I should start with a confession. I’m sure you have mental images of me as the highly refined, serious intellectual who slaves to entertain the masses with her astute and serious observations. Alas, these are illusions of which I must rob you. Ladies and gentlemen, I love the Eurovision Song Contest.
It might be the cheesiest, tackiest, and generally most pathetic arena in which our great nation has ever allowed, and in fact paid for, its own humiliation. It may be the site of some of the most disturbing and confusing scenes you’ll ever witness. It is certainly the most ludicrous way the people of Europe have devised to tell Britain that it has no friends (except for Ireland, and sometimes Cyprus or Portugal if we’re lucky) and reinforce trade links between neighbouring countries. But for all that, it’s obscenely entertaining, and those who watch every year admit it with a mixture of pride and shame.
As a nation, though, we approach the Eurovision with the most cynical of attitudes, chiefly because we always know that we will lose. Britain being isolated from Europe in both geographic and figurative terms, we have nobody to give us those all-important points out of a sense of regional camaraderie (which is why so many obscure Baltic and Balkan countries have done well in recent years). Less important, but more easily changed, is the fact that we keep entering diabolical songs. Last year’s entry was written by Pete Waterman – a man who hasn’t been cool since the late 1980s when he worked with Kylie Minogue – though before that, Andrew Lloyd Webber had written a ballad that came fifth. The woman who sang said ballad is now a Sugababe. Everyone lost.
Luckily, however, it seems our Eurovision despair may well be coming to an end. We have an entry for this year. The news that made my week: the United Kingdom’s Eurovision 2011 entry is entitled “I Can”, and it’s by a little boy band called Blue. Yes, Blue. Just in case you haven’t had your fill of reformed boy bands in the past few years, the early 2000s group consisting of Duncan James, Lee Ryan, Antony Costa and Simon Webbe, who reunited in 2009, intend to stage a comeback with the performance of the song, penned by Duncan and Lee (the blonde ones), in Dusseldorf in May.
BBC One will be airing an hour-long documentary in April following the band recording and promoting the single, as well as getting advice from fellow musicians (who I desperately hope will include these former Eurovision winners), as part of the run-up to the contest.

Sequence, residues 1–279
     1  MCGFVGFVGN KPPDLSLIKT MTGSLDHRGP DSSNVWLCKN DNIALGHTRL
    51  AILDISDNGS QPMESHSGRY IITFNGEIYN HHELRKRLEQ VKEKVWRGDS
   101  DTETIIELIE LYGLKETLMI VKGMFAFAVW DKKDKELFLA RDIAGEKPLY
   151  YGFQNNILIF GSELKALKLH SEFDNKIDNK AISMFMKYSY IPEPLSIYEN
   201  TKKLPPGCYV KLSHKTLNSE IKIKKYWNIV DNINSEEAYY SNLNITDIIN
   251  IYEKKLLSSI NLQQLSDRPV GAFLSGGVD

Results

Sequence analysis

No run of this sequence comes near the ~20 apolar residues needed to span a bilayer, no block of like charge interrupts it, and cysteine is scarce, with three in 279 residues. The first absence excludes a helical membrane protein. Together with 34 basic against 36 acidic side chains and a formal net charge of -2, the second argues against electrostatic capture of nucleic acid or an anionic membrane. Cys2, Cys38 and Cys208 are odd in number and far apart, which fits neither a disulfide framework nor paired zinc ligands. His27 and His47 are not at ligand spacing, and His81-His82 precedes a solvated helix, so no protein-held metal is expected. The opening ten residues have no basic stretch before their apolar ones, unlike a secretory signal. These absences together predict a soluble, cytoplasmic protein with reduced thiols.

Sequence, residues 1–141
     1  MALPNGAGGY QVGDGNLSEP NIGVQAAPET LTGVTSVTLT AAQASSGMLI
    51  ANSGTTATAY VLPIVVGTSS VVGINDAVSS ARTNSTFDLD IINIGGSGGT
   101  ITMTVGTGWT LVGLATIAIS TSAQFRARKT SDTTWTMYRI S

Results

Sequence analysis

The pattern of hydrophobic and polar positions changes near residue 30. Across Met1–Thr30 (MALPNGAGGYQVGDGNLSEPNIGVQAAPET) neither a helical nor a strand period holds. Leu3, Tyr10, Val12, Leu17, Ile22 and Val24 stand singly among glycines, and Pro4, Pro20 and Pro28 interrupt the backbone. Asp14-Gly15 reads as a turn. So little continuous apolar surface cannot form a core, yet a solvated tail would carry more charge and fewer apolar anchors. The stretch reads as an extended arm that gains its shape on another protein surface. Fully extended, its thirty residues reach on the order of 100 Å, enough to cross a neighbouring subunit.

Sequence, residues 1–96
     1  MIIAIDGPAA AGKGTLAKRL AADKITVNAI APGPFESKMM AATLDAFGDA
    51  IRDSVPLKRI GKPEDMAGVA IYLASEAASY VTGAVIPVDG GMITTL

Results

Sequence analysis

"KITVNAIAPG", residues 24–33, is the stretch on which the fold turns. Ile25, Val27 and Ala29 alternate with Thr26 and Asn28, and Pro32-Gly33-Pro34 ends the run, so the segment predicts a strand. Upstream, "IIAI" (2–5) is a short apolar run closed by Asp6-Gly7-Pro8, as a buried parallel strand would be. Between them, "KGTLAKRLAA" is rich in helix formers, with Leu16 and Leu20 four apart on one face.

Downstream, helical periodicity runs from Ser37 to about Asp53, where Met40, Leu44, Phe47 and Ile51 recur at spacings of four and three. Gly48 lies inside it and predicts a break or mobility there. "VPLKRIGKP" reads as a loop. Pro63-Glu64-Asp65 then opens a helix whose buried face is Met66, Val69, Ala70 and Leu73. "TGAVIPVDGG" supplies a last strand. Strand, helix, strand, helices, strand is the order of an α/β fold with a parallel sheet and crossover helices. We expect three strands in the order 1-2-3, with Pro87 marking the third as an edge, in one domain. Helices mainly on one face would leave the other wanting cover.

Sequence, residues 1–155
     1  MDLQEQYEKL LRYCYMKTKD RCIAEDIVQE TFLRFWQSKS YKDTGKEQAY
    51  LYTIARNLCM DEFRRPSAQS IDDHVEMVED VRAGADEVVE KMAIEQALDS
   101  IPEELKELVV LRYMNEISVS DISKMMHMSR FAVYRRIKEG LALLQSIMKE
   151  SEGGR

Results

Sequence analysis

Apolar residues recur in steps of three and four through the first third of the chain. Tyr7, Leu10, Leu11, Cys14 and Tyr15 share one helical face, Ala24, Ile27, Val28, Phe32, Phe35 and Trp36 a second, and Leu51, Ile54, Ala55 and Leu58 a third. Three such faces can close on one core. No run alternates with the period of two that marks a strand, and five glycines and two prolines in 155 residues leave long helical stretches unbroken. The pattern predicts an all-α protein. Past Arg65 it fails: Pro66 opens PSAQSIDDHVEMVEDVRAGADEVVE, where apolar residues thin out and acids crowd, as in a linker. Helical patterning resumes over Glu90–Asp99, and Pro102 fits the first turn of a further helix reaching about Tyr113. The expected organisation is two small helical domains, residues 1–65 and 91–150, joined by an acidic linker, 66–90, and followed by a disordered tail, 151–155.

Head of entertainment and events Katie Taylor said of the announcement “We’re enormously pleased to have found an act that not only meets but exceeds all the criteria for a great entry… Blue are the perfect choice”. Duncan claims that this will be “a great way to mark the occasion” of their tenth year together, while Simon has said that he has “always wanted to represent my country, so this is a truly exciting experience for Blue”.
They do have a better resume than most entrants – 13 million album sales, three number one singles, and insanely catchy tunes like All Rise, Fly By, and One Love, all of which could stand us in very good stead come May 14th. That said, they are also responsible for some pretty terrible covers; they even managed to enlist both Elton John and Stevie Wonder to help them mutilate “Sorry Seems To Be The Hardest Word” and “Signed, Sealed, Delivered” respectively. Either way, though, Britain at least is in the grip of a mania for returning old-school boy bands; if Europe shares this nostalgic sentiment then we could be on to a – well, not a winner, but maybe a little less of a loser.
Still, it does beg the question of how successful this comeback will be. Entry into the Eurovision is widely acknowledged as career suicide – the vast majority of UK entrants are neither seen nor heard from again. Former Blue manager Daniel Glatman has described the decision as “reckless insanity”, insisting that “they will have to win. Anything less and their reputation would be in tatters”. I disagree – Blue are a cheesy boy band whose fan base now regard them with nostalgia rather than genuine adulation, and since nobody ever expects a UK entrant to win, they have little to lose if they don’t win. If anything, the damage will come from the stigma of being a Eurovision contestant, which basically means that they will never be taken seriously again. Still, they’re Blue. Who would take them seriously anyway?
Maybe it will just add to the cheesy kitsch we associate with reformed boy bands like them. Take That may have managed to break out of that category, but they did so by producing some genuinely brilliant new music – and coming from someone who would rather listen to Led Zeppelin or Nirvana, that’s saying something. Maybe Blue can do the same. Either way, we’ll find out along with the rest of Europe on May 14th.